Ammie Khoo, who is currently the Chef De Cuisine for Rosemead in Singapore, got into this career due to her family and background, as cliché as that may sound. Her mother is well-known for her baking and cooking skills. Ammie would accompany her mother to the market or to her mother’s friends’ house, where they would cook and bake together since she was a young child. She began helping out in the kitchen as she grew older, particularly on Saturday nights when the family would do a mini food production that they’ll bring to church on Sunday. Little did she know, she’d begin to develop an interest in cooking and a more refined palate.
Her father is known for creating systems, teaching, and recognising potential, among other things. With a bit of each of her parents’ personalities and traits, it was only natural for her to want to be a chef. She went to a few colleges to look at the available courses and discovered Culinary Arts, which was relatively new at the time. With her father’s support, she decided to give it a shot, and there has been no looking back since! After her diploma, she pursued her higher education and earned a First-Class Honours Bachelor of Hospitality and Tourism Management (Hons).
How did you get your first start?
Upon graduation, I chanced upon Marina Bay Sands’ recruitment drive in Kuala Lumpur. After two years at Mozza by Chef Nancy Silverton, I moved to Skirt Restaurant at W Singapore – Sentosa Cove. About two years in, I got a call from my former chef mentor – there was an opening in Dubai for Cut by Wolfgang Puck. I hesitated at first, as I was unfamiliar with Dubai and would be moving to a new country alone… it was daunting! After much consideration, I took the plunge, and it was the best decision I’ve made.
The company sent me back to Singapore when an unfortunate fire broke out in the hotel in Dubai where the restaurant was located. From Spago Singapore, I also got the opportunity to transfer to Cut by Wolfgang Puck, Marina Bay Sands. At that point, I had worked for the Wolfgang Puck group for 7 years.
During the pandemic, I received an offer from Jigger & Pony Group for a new restaurant that they were planning to open. So here I am now, currently the Chef de Cuisine at the group’s modern Californian fine dining restaurant Rosemead!
Tell us about one pivotal moment on your career path that shaped your journey. Why did you choose this particular moment?
The one pivotal moment for me was when I was working about 13 hours on weekdays and 16 hours on weekends, with no breaks; I was burnt out, and it took a toll. It was a wake-up call to self-reflect on what I could do better to reduce the stress that I was imposing onto my body.
Out of all the crossroads, I chose this because I believe this was when I matured as a person and as a professional.
Can you tell us about the challenges you faced?
I was new to the team and was put in a managerial position. It was a relatively new restaurant and a huge operation with different concepts under one roof. Not many systems were set up, so I had to figure things out the hard way. I was put in the smallest kitchen with the least amount of staff. However, we were churning out the most revenue for the restaurant. With those limited resources that I had, I had to put in more hours and effort. On top of that, being a female in a hot kitchen does not make it easier.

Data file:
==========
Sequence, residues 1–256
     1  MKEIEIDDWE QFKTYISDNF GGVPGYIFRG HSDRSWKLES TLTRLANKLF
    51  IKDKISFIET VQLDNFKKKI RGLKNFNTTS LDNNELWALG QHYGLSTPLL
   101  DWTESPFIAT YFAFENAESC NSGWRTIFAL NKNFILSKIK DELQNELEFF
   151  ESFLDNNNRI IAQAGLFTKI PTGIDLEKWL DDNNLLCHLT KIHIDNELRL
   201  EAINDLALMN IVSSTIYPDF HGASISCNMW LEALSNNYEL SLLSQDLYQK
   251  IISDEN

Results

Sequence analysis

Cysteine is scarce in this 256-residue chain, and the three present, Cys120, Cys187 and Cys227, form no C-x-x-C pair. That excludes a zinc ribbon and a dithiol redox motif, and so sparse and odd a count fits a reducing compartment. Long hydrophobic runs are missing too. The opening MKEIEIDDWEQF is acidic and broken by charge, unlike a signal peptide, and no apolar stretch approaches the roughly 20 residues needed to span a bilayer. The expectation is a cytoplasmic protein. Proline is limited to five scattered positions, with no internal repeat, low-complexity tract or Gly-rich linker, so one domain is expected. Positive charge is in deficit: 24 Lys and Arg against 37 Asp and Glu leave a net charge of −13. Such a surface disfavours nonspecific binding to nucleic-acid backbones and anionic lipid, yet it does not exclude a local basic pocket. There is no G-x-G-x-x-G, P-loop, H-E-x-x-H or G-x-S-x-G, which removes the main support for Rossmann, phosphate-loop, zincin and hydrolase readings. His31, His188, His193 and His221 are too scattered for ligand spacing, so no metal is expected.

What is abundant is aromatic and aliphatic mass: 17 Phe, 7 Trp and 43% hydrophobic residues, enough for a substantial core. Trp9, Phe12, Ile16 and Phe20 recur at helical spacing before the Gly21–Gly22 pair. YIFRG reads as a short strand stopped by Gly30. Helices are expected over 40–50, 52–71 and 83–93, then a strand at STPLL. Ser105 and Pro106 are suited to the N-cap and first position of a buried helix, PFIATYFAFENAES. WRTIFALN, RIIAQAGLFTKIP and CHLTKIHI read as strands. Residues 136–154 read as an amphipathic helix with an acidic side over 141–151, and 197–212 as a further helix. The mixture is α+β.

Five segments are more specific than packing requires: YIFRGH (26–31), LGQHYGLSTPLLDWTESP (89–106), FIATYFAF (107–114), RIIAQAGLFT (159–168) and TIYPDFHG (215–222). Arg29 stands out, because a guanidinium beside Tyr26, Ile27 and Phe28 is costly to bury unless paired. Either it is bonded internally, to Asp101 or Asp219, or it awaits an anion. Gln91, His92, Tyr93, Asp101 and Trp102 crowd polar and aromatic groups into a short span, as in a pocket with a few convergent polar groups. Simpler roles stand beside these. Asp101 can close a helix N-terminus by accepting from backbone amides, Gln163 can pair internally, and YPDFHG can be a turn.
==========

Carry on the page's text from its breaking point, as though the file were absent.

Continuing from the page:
What happened next?
I sat down with my chefs and told them that I needed more support from them. We strategized and charted out a more effective way of operating the kitchen. I learned how to stand up for myself and became a better manager. Since then, it was a ripple effect that not only benefits me but also the people around me.
Here, Aimee is writing to her younger self while reflecting on this pivotal moment of her career:
You may be wondering what the future holds for you. Be patient because life just gets better.
Believe it or not, you’re going to have the time of your life at university. Lifelong friendships will form with not only your classmates but with your lecturers too. You’re going to participate in many competitions and win medals. Plus, you’re going to excel in your studies and get a full scholarship. That’s the cherry on the cake!
And then life actually starts once you begin working. It is going to be rewarding, but it isn’t going to be easy. Don’t worry. You’ll have mentors along the way, guiding you as you navigate your way up the ladder in a male-dominated industry.
Here’s some advice. Being a force of nature yourself, don’t react, respond. You cannot change the way people act, but you can control the way you respond.
There will be people trying to pull you down along the way, but stand your ground when you have to.
Knowing you, you’re unstoppable once you’ve set your mind on something. You’ll just keep going, until one day you realise that you’re burnt out. It is okay to slow down. Here’s a word to learn – self-care. Reward yourself, be it having a drink or 2, or going for a vacation. Come back renewed and energized.
Lastly, just know that both good and bad experiences shape your mind and heart for what is to come. Soar high but stay grounded.
Cheering you always,